|Topic Review (Newest First)|
|05-22-2008 09:52 PM|
I have memories of horn relays sticking at very inopportune times; and of having to get out of my car to rap the starter solenoid with a rock; and of having the outboard raise / lower mechanism fail on a new Mercruiser; and having to replace West Marine combiners any number of times...that's way expensive too, one relay can take out an otherwise very nice battery system.
You can tell I'm not really impressed with the hype. You just can't make a silk purse from a sow's ear.
In my opinion, as has been said before, relays of any kind have no place in a critical aplication, and a boat fits that definition.
|05-22-2008 06:49 PM|
|Islander30Bahama||Correction sorry, Hermatically sealed are a sealed and usually filled with nitrogen built tough to withstand virbration and major heat changes. I was thinking solid state encased in an epoxy substance. The solid state cost a lot more than regular but are worth it in the marine environment if one chooses to go that route. There is a web site deutschrelays dot com that have some wicked awesome marine relays. Probably overkill for the average cruiser but worth it possibly if extended world cruising was in the future for someone.|
|05-22-2008 05:54 PM|
I will dig them up from the basement this weekend and then scan them into a PDF format next week.
As for the mechanical crimps I use the heat shrinkable kind. They have done a very good job helping to prevent corrosion on the trucks that we manufacture. The connections see all kinds of road grime, lots of water, salt in the winter and whatever else chemicals are on the road.
Relays can be good if properly handled. One of my vendors here at work who supplies us with our relays informed me that TYCO has bought out most of the BOSCH relay division and their quality is far worse than Bosch. A hermaticaly sealed relay is encased in a epoxy like material preventing movement of the pins inside this would be ideal for almost any application but then again its a personal preference.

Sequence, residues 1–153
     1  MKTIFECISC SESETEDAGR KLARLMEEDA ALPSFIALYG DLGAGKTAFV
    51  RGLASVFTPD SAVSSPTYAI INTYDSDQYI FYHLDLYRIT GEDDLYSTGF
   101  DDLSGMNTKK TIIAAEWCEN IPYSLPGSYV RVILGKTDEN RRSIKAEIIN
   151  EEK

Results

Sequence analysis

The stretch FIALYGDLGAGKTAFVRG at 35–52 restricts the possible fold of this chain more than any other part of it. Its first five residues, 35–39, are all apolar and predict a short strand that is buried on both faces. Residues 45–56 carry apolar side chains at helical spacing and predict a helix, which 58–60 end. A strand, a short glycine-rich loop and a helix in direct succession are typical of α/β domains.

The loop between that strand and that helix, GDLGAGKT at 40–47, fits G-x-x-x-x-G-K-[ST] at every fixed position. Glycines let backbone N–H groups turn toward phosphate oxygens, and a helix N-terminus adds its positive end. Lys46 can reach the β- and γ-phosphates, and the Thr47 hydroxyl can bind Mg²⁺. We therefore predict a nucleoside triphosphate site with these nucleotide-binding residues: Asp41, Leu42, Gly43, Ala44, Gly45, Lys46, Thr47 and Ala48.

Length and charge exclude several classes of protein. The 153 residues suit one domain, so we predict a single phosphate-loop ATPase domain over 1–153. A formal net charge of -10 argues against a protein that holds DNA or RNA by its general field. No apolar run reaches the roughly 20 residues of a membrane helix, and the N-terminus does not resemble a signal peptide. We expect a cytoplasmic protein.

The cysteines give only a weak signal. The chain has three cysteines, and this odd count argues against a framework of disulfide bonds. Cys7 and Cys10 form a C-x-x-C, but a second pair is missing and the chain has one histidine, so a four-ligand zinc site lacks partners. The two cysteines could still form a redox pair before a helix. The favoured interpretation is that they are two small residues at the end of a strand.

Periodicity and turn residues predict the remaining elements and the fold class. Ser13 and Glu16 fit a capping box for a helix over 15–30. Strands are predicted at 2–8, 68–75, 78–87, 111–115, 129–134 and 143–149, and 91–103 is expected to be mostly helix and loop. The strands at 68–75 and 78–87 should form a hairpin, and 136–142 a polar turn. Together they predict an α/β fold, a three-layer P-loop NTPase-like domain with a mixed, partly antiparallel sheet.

For those of you in major coastal cities you can usually find classes to take to learn from the pros on the do's and don'ts of many different marine subjects. These classes usually fil up rather quickly and some cost will be involved but you will some good hands on experience.
|05-22-2008 05:16 PM|
I'd recommend most strongly against using relays. The idea is good, but consider that each relay means four wires, four junctions, four more failure points, actually six more failure points if you count the relay coil and contacts as well. Or, more failure points since each relay coil needs to be FUSED as well! With separate fuses for each, unless you can afford to lose them all at once.
And it gets worse than that:
I was using a relay very much the same as the one in the picture (a Bosch 30Amp automotive relay) as a horn relay in my car. Worked fine for years, well potted, no reason for any problem. Except, my horn wasn't working. Tore my hair out for two days troubleshooting everything including the relay and everything tested fine--but the horn didn't work.
It turns out those relays are now made by molding the relay housing AROUND the qd plugs that stick out of their base. If the plastic lets go of the metal, you can wind up with the spade plug moving when you connect (or disconnect) a wire to it, breaking the internal contact in the relay. So, you take it all apart and test it, it tests 100% good. You plug the wire back in--and the contact is broken (by literally a millimeter or less) and the damned thing doesn't work.
Do you want six failure points in each circuit? I wouldn't. I'd rather just buy some nice new heavy-gauge tinned wire and extend the wire runs to the new panel. Or, keep the switches below--because no matter how "waterproof" they are, longer wire runs and switches that are above deck are going to be less reliable.
|05-22-2008 05:08 PM|